Robert DeLong is convinced making that music to move somebody is “really all that matters.” The twenty-eight year old producer is committed to injecting soul and improvisation into electronic dance music...
Robert DeLong is convinced that making that music to move somebody is “really all that matters.” The 28-year-old producer is committed to injecting soul and improvisation into electronic dance music, a genre that has recently been overrun by money-hungry, cookie-cutter producers and DJs. DeLong will be playing in New Orleans on Friday, March 13 at Buku.
DeLong is surrounded by an array of electronic devices onstage, and he is constantly running back and forth between a mixer, drum pads, microphones, game controllers, full drum sets and keyboards to create and manipulate his music. He utilizes software that converts individual devices to MIDI signals, and then sends it to Ableton and Logic. His controllers range from a Sega joystick that works as a pitch bend, to a Wii remote that can delay, speed up, and chop sampled vocals. DeLong says the purpose of using so many different instruments and controllers “is to directly communicate what I’m doing behind the screen.”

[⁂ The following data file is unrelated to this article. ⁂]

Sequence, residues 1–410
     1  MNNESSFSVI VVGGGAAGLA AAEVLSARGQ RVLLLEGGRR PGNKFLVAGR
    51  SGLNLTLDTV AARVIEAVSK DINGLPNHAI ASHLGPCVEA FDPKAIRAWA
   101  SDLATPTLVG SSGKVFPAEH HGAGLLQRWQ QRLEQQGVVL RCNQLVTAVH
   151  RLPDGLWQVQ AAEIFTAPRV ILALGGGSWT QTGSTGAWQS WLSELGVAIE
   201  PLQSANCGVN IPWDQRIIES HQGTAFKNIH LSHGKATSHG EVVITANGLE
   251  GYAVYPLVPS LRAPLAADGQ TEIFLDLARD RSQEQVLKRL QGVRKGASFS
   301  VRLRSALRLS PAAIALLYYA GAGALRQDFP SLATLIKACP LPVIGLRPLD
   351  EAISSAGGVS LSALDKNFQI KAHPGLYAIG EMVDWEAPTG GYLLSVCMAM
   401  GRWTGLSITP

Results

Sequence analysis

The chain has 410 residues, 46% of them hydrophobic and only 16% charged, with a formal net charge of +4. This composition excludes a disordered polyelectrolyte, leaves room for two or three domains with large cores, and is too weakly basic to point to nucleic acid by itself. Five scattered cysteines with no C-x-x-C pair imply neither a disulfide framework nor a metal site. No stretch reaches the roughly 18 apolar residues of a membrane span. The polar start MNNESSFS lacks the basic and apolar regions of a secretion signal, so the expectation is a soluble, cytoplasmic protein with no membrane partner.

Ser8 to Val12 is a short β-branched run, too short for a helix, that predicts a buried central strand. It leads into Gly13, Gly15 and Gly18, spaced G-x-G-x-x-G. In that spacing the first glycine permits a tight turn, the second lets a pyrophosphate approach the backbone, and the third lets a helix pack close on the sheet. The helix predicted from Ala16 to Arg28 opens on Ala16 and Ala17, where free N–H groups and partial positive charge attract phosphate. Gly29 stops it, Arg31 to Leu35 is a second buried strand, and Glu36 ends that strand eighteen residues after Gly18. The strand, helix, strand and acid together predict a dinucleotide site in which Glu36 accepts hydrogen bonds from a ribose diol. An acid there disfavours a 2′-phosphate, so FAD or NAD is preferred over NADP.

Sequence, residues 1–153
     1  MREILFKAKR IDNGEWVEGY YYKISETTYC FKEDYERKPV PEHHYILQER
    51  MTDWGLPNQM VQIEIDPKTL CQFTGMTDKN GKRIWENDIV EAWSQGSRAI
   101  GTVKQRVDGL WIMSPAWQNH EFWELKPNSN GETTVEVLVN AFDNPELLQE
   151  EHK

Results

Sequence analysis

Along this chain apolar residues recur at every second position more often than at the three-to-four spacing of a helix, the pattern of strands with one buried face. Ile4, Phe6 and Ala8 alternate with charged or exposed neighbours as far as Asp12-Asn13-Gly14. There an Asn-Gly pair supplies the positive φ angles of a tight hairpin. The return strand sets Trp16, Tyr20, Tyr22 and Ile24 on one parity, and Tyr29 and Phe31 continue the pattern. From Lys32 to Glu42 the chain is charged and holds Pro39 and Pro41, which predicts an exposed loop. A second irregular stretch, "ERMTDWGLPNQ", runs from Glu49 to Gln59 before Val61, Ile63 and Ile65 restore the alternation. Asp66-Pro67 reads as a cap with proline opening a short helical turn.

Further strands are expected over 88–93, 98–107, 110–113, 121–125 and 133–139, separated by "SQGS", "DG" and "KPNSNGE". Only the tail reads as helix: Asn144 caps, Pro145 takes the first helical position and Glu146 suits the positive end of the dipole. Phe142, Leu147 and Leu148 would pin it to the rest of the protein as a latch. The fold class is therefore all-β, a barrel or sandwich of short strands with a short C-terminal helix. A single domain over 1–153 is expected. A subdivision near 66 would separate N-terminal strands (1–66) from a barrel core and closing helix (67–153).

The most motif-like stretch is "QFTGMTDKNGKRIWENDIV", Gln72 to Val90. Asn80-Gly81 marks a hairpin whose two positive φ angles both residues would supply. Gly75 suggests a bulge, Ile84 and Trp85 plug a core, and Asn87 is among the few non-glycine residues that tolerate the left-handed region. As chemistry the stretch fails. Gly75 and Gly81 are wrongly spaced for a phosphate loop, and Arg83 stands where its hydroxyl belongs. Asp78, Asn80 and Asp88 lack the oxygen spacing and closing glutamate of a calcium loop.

DeLong wasn’t always such an accomplished performer. For many years he was a drummer in small indie rock bands in Seattle. Many producers come from a percussion background, which DeLong believes is due to their role “as the guy sitting in the back, watching, keeping count, and guiding the band.” He continues, “They [drummers] have global perspective, and they understand the role that rhythm plays in music.”
This fundamental knowledge enables DeLong to make eclectic, dance-friendly music, and his unusual practice of playing nearly every instrument live reflects his appreciation, and mastery of the “global perspective.” His combination of skilled execution and ideological engagement allows concertgoers to recognize the depth that electronic music is capable of, but his show isn't theoretical.. DeLong promises a “raucous, loud, and continuous dance experience.”